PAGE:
Dominic Raab and Grant Shapps are among the senior members of the cabinet to praise businesses who have not allowed unvaccinated staff to return to the office, amid concerns the Government is encouraging a ‘jabs for jobs’ policy.

Experts have warned companies doing so may face legal action, with fears of a host of discrimination claims sparking calls for ministers to outlaw such policies. 

A worker who is forced to have a jab would be suffering an “intrusion” on their body, advice from the Chartered Institute of Personnel and Development claims.

As a result, firms “cannot forcibly vaccinate employees or potential employees” unless legally required to do so, according to the group, which represents HR professionals.

Care home staff is the only sector that so far is subject to mandatory Covid jabs, although reports suggest the Government has been looking in other areas too. …

The Equality and Human Rights Commission has also advised against blanket ‘No Jab, No Job’ policies, according to the Sun, particularly given medical reasons prevent some people from getting the vaccine.

But huge firms in the U.S., including Facebook and Google, have already insisted employees must probe [sic] they’ve received doses before going back to work.

Worth reading in full.

“You’d Have to be Crackers to Book a Holiday”

A raging battle has erupted in the Cabinet over plans for a danger list of countries that could see destinations like Spain and Italy suddenly move to red. MailOnline has more.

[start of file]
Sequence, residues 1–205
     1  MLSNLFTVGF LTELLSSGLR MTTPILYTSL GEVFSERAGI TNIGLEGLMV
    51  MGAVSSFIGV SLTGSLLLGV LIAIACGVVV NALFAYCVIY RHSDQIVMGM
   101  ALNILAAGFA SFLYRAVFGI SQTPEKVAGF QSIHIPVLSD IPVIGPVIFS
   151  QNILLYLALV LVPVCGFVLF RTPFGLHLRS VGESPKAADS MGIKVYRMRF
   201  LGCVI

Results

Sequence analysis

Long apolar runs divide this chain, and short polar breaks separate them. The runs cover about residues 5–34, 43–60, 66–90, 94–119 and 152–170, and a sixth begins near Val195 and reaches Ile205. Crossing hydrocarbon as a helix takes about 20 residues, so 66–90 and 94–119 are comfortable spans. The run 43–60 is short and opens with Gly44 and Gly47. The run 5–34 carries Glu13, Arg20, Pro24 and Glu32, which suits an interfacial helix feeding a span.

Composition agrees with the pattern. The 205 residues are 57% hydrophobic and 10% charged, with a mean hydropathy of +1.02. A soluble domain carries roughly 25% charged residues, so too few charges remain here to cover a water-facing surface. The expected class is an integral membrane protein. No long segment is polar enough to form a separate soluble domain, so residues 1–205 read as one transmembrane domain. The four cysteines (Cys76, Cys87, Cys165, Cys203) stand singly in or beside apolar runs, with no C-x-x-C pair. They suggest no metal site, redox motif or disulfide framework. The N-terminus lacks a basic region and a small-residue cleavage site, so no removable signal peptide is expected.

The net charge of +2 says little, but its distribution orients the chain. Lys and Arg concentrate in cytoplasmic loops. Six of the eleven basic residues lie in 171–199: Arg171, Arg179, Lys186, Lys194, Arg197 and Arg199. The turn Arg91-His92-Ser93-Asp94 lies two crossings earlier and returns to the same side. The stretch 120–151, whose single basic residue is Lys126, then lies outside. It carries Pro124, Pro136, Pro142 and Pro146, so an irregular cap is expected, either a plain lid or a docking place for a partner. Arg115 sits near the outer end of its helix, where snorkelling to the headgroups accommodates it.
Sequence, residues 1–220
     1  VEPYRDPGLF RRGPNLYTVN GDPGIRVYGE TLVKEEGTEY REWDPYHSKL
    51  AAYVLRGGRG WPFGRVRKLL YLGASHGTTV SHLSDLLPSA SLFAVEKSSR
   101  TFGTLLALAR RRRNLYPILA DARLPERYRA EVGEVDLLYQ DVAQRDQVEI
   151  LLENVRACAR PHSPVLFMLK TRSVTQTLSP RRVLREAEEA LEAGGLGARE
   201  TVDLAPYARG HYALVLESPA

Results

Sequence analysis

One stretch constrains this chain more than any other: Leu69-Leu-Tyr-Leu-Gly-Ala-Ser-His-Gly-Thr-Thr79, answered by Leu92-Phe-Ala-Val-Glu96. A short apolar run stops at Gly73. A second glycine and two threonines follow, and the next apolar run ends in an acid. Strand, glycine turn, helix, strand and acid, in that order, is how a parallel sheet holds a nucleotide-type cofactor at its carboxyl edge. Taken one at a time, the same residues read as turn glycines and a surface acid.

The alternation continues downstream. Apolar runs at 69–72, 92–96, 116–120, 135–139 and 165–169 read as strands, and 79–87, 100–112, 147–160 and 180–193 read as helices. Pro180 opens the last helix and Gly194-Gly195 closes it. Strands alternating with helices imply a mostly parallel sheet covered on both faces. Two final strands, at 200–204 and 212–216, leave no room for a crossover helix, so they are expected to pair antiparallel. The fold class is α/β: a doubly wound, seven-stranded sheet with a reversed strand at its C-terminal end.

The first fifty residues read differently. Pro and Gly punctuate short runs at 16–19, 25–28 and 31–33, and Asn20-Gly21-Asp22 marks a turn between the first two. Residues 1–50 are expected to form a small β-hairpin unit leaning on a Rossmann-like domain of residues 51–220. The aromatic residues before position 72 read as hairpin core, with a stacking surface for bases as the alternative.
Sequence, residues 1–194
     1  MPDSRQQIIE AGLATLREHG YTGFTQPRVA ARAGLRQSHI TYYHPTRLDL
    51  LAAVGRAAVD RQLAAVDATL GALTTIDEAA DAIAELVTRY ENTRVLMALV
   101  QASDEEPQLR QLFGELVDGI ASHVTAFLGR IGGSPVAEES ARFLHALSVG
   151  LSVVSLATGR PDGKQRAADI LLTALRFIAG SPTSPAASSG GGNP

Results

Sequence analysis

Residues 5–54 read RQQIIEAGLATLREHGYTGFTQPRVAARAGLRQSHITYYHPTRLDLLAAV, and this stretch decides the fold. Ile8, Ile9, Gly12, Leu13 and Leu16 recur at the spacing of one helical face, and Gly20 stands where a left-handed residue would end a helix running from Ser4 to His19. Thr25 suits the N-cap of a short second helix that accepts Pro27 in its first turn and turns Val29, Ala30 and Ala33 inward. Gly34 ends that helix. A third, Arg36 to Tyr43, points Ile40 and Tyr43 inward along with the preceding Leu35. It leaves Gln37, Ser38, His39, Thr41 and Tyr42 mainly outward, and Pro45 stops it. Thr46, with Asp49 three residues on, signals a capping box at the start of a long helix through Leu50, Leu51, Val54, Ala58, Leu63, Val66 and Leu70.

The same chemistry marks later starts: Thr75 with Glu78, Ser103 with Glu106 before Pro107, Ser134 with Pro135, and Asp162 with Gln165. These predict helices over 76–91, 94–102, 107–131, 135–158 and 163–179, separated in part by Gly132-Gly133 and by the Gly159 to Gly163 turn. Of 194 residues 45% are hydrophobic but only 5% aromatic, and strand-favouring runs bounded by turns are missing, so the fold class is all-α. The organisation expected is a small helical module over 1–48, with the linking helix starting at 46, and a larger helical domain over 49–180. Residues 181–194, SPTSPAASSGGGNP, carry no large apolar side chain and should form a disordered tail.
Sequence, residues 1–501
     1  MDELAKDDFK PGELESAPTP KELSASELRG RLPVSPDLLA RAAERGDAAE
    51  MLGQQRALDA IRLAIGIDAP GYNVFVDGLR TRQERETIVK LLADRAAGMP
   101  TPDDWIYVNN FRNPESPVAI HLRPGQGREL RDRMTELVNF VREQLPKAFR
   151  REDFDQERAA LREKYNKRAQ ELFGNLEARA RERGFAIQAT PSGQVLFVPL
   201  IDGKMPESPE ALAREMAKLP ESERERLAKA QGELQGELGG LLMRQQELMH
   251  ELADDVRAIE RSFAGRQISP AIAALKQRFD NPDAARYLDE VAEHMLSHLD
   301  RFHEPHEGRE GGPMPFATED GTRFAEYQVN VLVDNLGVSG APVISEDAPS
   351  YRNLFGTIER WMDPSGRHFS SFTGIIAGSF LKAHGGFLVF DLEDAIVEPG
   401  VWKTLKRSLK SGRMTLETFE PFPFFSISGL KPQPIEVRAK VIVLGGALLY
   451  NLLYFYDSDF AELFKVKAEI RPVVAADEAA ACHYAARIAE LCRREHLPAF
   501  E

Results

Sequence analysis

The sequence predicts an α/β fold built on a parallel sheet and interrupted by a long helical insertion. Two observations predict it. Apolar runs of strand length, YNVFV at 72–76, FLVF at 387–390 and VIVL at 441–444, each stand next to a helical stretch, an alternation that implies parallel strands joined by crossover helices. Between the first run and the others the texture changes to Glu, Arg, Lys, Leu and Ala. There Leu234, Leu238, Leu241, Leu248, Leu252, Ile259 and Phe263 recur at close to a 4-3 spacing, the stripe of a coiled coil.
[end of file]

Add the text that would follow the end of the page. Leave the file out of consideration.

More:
The plans for a new ‘amber watch list’ sparked outrage in Whitehall as some ministers believe it could ruin the holiday hopes of millions of Britons.

The idea, which was agreed in principle this week, would see holidaymakers warned that while they are abroad certain amber countries could go straight on to the red list.

This would leave them facing compulsory hotel quarantine on their return, at a cost of £1,750 a head.

Spain and Italy both featured in talks about countries that could be put into the new category – as soon as next week – amid fears about the Beta variant, which first emerged in South Africa.

Senior ministers, including Transport Secretary Grant Shapps and Chancellor Rishi Sunak, are said to have reservations about imposing further disruption on the beleaguered travel sector.

Mr Shapps urged people to “ignore speculation” ahead of decisions next week. But behind the scenes a battle is raging.

One Whitehall source said: “You would have to be crackers to book a holiday to a place knowing that it could go on to the red list at any moment.

“If you have already booked to go there you are going to spend your whole holiday worrying whether you are going to have to make a dash to the airport to get home.